Image: Calthorpe Associates.

Salt Lake City Suffers from Wicked Inversion Days:

Image: Flickr/UTA/creative commons.

Here's a map of the route:

Here’s Daybreak under construction:

Image: Flickr/Jason S/creative commons.

And here it is completed.

Image: Flickr/Brett Neilson/creative commons.

All the negatives aside, I think it’s an interesting experiment and one worth watching. And watch from the air we will:

2003. Image: Google Earth.

2005. Image: Google Earth.

2006. Image: Google Earth.

2009. Image: Google Earth.

Image: Flickr/UTA/creative commons.

Image: Flickr/UTA/creative commons.

Jeff Wood is principal at the San Francisco transport consultancy The Overhead Wire, and edits The Direct Transfer.

This article first appeared on his blog in 2011.



CityMetric is now City Monitor! Come see us at our new home

City Monitor is now live in beta at

CityMetric is now City Monitor, a name that reflects both a ramping up of our ambitions as well as our membership in a network of like-minded publications from New Statesman Media Group. Our new site is now live in beta, so please visit us there going forward. Here’s what CityMetric readers should know about this exciting transition.  

Regular CityMetric readers may have already noticed a few changes around here since the spring. CityMetric’s beloved founding editor, Jonn Elledge, has moved on to some new adventures, and a new team has formed to take the site into the future. It’s led by yours truly – I’m Sommer Mathis, the editor-in-chief of City Monitor. Hello!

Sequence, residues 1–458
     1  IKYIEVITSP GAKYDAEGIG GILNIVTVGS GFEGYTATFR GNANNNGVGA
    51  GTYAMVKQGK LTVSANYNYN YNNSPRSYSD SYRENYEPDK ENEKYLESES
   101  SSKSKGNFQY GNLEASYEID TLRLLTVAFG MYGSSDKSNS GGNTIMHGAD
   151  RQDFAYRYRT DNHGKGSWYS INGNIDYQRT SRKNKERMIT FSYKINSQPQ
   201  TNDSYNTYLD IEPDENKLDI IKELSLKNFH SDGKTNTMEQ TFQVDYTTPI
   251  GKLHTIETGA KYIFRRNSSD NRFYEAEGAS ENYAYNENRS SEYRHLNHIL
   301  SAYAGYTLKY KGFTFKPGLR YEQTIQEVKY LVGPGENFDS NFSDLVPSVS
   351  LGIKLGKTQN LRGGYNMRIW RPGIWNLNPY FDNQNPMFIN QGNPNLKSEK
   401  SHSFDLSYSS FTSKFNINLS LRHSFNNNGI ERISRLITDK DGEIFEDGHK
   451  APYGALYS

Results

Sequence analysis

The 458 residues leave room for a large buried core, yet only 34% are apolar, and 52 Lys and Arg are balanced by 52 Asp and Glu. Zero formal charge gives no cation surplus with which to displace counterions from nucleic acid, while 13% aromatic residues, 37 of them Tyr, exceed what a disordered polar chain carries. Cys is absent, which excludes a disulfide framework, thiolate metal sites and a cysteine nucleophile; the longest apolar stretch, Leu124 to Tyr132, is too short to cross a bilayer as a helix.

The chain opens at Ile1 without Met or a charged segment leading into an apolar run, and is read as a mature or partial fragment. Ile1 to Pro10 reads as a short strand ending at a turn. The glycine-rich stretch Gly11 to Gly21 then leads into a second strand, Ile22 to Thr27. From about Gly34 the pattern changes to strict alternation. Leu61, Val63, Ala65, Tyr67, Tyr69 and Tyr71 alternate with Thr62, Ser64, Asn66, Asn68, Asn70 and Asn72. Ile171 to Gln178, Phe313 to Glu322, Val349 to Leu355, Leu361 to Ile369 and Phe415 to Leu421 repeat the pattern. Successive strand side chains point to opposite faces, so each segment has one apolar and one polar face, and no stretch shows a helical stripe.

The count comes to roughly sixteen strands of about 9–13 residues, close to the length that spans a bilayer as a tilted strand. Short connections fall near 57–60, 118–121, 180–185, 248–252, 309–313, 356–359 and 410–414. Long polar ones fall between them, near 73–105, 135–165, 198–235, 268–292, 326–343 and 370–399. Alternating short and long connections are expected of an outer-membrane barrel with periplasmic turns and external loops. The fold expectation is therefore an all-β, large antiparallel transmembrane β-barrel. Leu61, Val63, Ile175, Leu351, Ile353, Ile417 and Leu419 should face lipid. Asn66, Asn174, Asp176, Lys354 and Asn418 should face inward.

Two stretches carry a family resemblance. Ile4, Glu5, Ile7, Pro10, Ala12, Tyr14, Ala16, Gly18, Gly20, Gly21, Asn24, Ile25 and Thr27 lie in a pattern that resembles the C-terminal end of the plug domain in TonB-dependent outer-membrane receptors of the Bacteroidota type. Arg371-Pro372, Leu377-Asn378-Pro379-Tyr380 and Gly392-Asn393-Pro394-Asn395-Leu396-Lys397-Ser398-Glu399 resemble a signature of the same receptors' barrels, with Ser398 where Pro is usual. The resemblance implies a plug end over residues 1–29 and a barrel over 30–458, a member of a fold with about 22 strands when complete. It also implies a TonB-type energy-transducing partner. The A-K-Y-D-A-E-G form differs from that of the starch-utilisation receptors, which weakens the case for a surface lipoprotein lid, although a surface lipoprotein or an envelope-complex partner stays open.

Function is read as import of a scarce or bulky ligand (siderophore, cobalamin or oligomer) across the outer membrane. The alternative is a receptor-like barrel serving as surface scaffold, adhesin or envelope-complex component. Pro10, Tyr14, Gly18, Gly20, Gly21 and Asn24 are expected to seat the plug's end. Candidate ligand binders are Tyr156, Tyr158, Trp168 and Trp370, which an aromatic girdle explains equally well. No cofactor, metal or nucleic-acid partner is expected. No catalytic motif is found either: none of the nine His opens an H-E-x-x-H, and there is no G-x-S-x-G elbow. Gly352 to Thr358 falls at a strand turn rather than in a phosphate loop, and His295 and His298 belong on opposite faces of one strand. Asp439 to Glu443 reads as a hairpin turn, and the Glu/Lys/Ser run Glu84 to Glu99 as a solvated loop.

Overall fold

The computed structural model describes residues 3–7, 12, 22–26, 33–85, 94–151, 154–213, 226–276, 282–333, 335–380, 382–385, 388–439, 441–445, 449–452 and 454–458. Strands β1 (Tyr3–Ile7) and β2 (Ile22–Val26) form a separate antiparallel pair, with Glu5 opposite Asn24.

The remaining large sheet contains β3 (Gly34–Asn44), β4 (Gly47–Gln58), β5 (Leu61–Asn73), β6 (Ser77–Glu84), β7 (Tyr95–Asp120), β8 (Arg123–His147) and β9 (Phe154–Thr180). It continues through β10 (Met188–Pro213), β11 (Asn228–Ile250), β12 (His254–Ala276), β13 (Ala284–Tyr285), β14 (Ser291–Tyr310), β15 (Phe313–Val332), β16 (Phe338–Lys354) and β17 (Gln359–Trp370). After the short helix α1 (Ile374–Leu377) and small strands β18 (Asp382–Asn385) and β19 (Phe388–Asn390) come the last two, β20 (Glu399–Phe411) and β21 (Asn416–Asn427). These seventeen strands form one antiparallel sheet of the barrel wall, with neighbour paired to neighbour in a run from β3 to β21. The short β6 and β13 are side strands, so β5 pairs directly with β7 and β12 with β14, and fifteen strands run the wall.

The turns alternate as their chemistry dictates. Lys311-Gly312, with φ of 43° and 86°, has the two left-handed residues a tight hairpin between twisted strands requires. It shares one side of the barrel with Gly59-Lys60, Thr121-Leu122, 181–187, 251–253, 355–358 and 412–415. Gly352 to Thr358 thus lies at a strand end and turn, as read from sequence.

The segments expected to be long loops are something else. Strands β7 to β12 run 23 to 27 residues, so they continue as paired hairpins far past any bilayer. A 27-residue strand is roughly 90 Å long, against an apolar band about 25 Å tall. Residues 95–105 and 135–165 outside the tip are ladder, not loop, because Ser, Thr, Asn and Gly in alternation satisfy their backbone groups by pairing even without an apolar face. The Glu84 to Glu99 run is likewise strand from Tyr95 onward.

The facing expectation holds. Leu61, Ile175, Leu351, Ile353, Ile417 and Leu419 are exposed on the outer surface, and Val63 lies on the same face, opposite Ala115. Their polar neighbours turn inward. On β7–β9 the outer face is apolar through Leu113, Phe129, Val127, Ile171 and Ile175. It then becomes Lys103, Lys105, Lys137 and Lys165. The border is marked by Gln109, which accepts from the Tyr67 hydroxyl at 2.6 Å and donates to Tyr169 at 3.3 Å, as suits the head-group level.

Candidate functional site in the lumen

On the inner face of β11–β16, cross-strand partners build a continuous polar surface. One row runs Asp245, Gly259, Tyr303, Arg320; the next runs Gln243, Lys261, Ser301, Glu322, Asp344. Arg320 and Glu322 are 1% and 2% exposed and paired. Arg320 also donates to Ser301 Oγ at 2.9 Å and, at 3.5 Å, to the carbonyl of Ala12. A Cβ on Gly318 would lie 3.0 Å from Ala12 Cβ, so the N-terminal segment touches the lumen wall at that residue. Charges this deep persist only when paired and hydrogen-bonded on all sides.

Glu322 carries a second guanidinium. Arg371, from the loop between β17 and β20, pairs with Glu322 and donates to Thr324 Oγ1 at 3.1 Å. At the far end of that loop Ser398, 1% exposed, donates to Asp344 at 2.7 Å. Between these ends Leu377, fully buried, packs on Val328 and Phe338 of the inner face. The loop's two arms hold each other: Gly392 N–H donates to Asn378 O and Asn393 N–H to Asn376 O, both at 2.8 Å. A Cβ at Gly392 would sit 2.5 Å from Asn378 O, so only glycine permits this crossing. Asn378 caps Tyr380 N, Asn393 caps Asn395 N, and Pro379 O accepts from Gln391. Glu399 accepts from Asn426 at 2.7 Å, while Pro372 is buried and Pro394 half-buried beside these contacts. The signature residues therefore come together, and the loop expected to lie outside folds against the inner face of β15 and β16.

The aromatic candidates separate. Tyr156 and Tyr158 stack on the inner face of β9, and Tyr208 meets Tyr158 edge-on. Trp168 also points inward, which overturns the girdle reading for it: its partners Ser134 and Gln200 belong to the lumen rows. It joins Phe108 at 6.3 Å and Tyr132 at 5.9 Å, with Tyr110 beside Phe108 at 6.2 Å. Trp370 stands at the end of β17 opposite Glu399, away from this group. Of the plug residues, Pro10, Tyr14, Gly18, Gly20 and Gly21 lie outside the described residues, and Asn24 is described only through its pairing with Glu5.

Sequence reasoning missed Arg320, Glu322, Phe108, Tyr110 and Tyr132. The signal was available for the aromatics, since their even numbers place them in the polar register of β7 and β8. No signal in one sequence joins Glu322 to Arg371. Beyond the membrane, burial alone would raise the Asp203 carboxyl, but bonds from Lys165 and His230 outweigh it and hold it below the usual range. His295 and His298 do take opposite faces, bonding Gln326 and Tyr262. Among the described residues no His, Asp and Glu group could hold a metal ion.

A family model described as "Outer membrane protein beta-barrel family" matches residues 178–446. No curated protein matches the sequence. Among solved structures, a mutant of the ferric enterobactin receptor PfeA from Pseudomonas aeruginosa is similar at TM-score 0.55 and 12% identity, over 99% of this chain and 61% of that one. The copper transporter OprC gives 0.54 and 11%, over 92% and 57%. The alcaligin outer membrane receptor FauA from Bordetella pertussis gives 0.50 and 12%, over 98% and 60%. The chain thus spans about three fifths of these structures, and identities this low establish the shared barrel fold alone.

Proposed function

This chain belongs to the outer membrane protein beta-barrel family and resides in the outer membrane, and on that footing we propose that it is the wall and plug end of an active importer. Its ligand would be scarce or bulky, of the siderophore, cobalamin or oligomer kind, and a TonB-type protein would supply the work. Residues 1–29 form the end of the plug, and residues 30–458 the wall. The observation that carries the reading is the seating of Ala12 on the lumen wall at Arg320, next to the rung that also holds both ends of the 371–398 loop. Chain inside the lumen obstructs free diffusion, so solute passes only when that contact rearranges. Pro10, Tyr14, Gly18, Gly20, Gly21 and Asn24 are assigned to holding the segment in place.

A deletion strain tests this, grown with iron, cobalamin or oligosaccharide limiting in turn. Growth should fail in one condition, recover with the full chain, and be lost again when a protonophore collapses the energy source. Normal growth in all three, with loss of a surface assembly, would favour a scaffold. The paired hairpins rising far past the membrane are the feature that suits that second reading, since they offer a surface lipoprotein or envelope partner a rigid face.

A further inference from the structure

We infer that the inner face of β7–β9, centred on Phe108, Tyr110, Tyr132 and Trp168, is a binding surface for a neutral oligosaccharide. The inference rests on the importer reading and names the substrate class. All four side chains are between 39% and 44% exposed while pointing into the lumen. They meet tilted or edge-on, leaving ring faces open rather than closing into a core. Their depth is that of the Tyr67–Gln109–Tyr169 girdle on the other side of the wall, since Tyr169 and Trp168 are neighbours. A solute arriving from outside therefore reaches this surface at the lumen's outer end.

My background includes having served as the founding editor of CityLab, editor-in-chief of Atlas Obscura, and editor-in-chief of DCist, a local news publication in the District of Columbia. I’ve been reporting on and writing about cities in one way or another for the past 15 years. To me, there is no more important story in the world right now than how cities are changing and adapting to an increasingly challenging global landscape. The majority of the world’s population lives in cities, and if we’re ever going to be able to tackle the most pressing issues currently facing our planet – the climate emergency, rising inequality, the Covid-19 pandemic ­­­– cities are going to have to lead the way.